What kind of people created the many things we take for granted? We will never know about the lives of many of the early inventors and explorers, but we can be sure that they were people who observed, learned, explored, analysed, created. Perhaps they had to create new things to survive; perhaps they invented new things to meet a need; perhaps they simply enjoyed the pleasure of achieving a new understanding, finding new way of doing things.

In the end, I’m not sure that their motivation matters. But I do think we owe it to all who have struggled to understand and to create to treat the gifts of knowledge they have left us with respect, to acknowledge them, use them well and add, if we can, our own little bit to the store. For those who will stand on our shoulders.

Arts and Sciences – two sides of the same coin?

Mae Jemison: On teaching arts and sciences together

Who better to talk about the arts and sciences, what connects them and why they need to be taught together, to be re-integrated with each other in popular culture than someone who embodies that integration? Mae Jemison is an astronaut, a doctor, an art collector, and a dancer. Her words come from experience, knowledge, and thoughtful analysis. Of all the words she spoke, these particularly caught my attention:

“Science provides an understanding of a universal experience, art provides a universal understanding of a personal experience.”

What Would Leonardo Be?

DaVinciImage

What Would Leonardo Be?

One of my joys has been poring through the parts of Leonardo da Vinci’s notebooks that have been printed. Full of intricate diagrams, observations and theories, they give some insight into a man who was both scientist and artist.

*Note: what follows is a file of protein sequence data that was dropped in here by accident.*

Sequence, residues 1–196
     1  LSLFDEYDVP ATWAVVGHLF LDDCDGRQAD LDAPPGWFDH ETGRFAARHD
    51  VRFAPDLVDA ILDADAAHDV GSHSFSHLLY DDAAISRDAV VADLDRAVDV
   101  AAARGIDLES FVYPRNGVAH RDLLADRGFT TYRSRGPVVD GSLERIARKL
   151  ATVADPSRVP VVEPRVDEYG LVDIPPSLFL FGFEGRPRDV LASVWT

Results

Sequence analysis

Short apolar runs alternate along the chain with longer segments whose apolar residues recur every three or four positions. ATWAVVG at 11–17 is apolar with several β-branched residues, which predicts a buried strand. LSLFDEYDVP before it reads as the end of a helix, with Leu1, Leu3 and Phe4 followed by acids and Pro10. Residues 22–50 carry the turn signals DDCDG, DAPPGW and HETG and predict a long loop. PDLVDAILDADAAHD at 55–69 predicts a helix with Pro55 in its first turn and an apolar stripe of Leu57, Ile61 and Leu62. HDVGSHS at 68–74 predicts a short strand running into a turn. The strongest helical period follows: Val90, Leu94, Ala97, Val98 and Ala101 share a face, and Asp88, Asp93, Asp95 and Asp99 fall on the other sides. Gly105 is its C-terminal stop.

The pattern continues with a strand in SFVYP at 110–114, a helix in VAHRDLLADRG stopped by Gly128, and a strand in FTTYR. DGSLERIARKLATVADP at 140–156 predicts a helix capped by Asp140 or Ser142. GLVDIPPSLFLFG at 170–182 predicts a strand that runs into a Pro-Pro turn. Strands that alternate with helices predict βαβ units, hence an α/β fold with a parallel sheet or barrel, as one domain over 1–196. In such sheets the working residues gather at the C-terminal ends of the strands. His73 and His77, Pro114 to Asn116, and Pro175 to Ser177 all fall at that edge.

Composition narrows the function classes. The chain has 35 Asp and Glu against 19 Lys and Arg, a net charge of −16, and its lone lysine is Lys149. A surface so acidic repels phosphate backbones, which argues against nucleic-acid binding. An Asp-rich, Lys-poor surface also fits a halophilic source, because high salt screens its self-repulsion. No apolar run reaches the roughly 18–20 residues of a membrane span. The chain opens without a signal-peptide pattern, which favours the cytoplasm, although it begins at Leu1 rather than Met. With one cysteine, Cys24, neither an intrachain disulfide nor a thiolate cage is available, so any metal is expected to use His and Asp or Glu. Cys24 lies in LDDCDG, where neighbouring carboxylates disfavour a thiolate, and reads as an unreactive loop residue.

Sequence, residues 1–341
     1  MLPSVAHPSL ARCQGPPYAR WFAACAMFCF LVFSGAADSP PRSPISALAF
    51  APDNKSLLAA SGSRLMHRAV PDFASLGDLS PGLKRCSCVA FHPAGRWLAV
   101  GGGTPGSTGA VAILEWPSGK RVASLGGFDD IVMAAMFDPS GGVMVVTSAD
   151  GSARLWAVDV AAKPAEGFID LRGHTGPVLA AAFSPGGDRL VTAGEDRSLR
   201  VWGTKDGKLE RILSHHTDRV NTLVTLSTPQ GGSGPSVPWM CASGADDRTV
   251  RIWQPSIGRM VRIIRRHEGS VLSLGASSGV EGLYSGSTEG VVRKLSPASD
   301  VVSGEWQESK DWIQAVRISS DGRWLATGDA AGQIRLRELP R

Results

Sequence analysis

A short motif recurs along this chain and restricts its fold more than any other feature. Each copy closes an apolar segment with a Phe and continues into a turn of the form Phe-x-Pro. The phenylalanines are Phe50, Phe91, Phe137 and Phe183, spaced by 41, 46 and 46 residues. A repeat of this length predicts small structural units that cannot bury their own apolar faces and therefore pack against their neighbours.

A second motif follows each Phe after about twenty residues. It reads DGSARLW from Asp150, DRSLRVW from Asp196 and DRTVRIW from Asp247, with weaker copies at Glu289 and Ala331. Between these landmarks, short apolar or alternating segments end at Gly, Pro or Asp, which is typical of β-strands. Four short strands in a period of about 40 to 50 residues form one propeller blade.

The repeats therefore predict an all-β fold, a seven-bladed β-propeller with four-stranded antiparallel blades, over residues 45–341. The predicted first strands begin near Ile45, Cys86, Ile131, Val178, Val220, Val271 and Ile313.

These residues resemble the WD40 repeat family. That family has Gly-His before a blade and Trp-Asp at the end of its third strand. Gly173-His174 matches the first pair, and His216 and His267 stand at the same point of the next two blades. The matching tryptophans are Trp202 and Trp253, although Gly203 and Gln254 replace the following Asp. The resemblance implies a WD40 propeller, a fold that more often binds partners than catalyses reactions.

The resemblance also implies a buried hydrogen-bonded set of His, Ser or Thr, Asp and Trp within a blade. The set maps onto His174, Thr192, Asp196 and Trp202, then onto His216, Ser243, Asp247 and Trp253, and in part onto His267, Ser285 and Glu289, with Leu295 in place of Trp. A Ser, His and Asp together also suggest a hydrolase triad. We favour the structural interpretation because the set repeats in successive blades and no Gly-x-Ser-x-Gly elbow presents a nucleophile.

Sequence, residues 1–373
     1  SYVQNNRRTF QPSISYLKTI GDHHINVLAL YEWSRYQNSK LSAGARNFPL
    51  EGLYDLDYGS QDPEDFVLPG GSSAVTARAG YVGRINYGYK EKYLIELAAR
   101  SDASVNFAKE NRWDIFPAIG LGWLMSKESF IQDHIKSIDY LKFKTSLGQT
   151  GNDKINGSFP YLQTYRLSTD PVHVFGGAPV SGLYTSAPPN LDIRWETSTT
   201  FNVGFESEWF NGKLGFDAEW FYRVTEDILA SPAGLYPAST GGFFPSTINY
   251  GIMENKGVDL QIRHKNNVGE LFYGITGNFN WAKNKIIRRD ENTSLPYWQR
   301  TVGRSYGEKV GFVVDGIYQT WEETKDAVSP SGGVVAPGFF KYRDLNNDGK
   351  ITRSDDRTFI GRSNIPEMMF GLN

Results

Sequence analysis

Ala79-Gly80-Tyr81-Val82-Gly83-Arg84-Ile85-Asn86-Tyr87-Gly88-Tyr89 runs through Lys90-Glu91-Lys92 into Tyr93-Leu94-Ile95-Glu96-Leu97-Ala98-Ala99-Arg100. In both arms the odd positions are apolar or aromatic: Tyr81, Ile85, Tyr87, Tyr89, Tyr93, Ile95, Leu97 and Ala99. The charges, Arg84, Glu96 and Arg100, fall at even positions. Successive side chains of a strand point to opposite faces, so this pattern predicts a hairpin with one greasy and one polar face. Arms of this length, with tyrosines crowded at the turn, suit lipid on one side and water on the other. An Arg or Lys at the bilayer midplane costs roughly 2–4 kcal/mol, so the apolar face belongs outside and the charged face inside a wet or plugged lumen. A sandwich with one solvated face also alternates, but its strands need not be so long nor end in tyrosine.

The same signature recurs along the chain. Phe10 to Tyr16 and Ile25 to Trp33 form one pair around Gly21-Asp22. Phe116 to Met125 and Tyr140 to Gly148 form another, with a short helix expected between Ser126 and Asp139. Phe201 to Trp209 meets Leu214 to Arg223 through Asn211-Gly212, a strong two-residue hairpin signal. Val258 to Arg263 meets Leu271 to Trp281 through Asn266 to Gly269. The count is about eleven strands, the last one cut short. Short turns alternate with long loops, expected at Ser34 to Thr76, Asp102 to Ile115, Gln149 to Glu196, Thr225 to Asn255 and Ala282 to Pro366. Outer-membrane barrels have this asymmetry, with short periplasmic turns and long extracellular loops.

Then today I opened the twice-weekly letter from Robert Genn to find him exploring a subject near to my heart – the idea that scientists and artists are not separate species, but have much in common. He began by talking about Frank Oppenheimer’s Exploratorium . To quote Robert:

“Frank Oppenheimer believed that artists and scientists were cut from the same cloth, destined to be the sensitive eyes and ears of mankind and the creators of human progress.”

Much has been written on the subject, and examinations of the processes by which great scientists and great artists have reached beyond the known to open new areas to exploration certainly seem to suggest that they have much in common.

Breakthroughs are based on both width and depth of knowledge, exploration, categorization, experimentation and a rigorous method for assessing the new knowledge gained. And an ability to know what matters, and what should be put aside.

Those are the broader themes. On the personal level, it seems to me that the links between the artist and the scientist include the ability to visualize, to see patterns, to weed out unnecessary distractions, and to play with ideas and concepts both consciously and unconsciously.

Like Leonardo. Or Einstein. Or Frank Oppenheimer.